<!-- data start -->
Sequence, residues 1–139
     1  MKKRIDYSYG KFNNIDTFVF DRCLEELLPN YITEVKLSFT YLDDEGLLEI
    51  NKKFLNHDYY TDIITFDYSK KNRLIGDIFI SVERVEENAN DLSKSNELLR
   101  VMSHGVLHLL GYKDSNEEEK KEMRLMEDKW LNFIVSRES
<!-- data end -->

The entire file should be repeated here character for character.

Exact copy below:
Sequence, residues 1–139
     1  MKKRIDYSYG KFNNIDTFVF DRCLEELLPN YITEVKLSFT YLDDEGLLEI
    51  NKKFLNHDYY TDIITFDYSK KNRLIGDIFI SVERVEENAN DLSKSNELLR
   101  VMSHGVLHLL GYKDSNEEEK KEMRLMEDKW LNFIVSRES